Perhaps many people were trying to figure out how to do vipassana in the late 1800s. Only four succeeded.
And how would this person know this if they weren't alive then?
They all started from descriptions in the Pali scriptures. The most detailed are in the Satipatthana Sutta, the Visuddhimagga, and the Anapanasati Sutta.
The Visuddhimagga isn't part of the Pali Canon. It's a commentary.
In the mid-1800s, these texts were revered because supposedly they showed the way to nirvana. However, the way they were practiced was for groups of monks to ritually chant the text in unison. This is like a bunch of people who don’t know what a computer is reading the manual out loud, hoping the machine will spring to life, without realizing you need to plug it in.
This makes everyone in 18th-century Southeast Asia look like morons in this regard, and they weren't. They didn't believe nibbana was achievable so long after the Buddha's parinibbana. They did know that this metaphorical "machine" needs to be "plugged in".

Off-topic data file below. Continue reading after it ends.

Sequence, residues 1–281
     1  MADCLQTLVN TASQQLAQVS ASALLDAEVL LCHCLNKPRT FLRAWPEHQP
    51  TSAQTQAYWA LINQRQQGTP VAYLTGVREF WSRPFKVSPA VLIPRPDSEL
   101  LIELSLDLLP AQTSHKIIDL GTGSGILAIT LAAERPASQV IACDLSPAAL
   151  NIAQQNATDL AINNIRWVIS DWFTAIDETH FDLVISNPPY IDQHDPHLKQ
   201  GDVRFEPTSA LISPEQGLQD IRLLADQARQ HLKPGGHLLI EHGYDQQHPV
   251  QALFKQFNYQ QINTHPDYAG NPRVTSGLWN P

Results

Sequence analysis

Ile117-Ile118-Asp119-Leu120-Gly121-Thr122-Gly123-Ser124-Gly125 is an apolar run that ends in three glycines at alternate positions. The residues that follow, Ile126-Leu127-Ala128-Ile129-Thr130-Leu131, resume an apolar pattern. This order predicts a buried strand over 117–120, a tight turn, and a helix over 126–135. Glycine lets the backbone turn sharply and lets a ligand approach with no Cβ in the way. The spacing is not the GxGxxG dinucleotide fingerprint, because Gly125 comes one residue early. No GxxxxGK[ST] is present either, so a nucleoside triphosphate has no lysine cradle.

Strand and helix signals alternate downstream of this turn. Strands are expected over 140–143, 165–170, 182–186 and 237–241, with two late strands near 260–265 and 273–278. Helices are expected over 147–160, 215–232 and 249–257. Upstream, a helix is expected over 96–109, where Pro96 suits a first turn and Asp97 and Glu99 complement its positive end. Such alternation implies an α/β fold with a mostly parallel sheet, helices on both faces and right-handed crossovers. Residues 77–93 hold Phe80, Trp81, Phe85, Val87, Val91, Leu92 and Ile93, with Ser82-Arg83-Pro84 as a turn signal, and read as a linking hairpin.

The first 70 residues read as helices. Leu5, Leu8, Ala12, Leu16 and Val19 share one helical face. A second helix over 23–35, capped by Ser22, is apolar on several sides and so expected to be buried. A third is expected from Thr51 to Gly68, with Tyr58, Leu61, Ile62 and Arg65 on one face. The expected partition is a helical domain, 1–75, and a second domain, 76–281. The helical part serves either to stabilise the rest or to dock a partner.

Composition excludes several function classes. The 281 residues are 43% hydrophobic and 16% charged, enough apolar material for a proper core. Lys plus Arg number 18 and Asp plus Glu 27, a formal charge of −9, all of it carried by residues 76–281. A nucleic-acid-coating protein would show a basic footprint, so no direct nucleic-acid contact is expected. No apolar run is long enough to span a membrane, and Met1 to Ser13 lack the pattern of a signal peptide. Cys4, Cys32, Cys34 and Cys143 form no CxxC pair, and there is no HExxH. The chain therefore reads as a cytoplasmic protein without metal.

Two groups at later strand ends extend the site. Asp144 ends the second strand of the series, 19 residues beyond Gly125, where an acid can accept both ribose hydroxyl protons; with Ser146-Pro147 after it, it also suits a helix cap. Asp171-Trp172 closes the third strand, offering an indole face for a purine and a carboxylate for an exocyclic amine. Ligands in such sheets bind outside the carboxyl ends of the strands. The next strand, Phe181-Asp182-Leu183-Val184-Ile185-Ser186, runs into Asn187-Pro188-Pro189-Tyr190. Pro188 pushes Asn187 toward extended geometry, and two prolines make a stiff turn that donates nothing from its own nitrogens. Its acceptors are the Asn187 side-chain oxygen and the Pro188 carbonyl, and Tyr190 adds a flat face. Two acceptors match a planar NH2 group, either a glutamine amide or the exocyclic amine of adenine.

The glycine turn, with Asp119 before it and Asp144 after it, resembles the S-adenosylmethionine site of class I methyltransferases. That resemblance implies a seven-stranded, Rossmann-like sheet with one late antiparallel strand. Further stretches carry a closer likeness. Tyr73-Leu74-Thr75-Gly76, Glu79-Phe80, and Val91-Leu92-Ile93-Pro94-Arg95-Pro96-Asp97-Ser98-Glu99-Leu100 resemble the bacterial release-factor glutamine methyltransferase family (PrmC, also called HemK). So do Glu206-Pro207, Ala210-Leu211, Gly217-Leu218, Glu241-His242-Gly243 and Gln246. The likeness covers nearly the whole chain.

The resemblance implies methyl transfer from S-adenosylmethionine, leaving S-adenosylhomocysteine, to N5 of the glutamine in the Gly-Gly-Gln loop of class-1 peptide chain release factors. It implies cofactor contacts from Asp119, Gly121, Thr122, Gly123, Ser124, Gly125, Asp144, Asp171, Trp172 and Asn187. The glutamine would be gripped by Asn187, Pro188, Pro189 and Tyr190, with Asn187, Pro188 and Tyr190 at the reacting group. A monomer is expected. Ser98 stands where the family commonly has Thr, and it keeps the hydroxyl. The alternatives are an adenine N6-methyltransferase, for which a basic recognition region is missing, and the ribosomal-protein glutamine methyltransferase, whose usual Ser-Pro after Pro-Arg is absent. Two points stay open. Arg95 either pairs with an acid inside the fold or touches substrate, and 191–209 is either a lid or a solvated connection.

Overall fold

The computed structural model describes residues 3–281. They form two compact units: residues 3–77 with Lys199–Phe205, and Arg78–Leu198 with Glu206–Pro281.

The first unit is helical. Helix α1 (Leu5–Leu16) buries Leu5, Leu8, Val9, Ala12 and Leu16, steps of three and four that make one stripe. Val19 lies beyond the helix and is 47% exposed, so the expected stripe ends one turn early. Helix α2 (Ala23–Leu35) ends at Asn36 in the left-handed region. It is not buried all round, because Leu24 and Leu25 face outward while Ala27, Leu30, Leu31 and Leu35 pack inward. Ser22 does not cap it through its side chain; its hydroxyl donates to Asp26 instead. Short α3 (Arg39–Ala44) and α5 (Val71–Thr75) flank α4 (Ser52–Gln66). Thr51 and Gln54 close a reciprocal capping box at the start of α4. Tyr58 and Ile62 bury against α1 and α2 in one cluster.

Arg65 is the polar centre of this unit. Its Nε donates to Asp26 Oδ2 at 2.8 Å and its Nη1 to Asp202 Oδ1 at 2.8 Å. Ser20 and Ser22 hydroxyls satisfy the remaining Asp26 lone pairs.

no one was seriously attempting to reach nirvana
Ever? Or is the author just talking about the 18th-century? Again, how would this person know?
The vipassana scriptures are vague, and they contradict each other. Proponents of different vipassana systems consider different suttas authoritative. They disagree strongly about which is most important, and how to interpret it.
How are they vague? How do they "contradict" each other? My understanding is that they don't contradict each other at all. They just lay out methods of practice that differ in their details.
It was Ajahn Mun Bhuridatta, born in 1870, who developed the Thai vipassana method.
Ajahn Mun's method was not an innovation. It was very much in line with the original teachings of the suttas. He was extremely well versed in the Canon and emphasized the full cultivation of the Noble Eightfold Path.
If you'd like to read an excellent study of modern vipassana traditions in the context of the suttas and the broader tradition, here it is: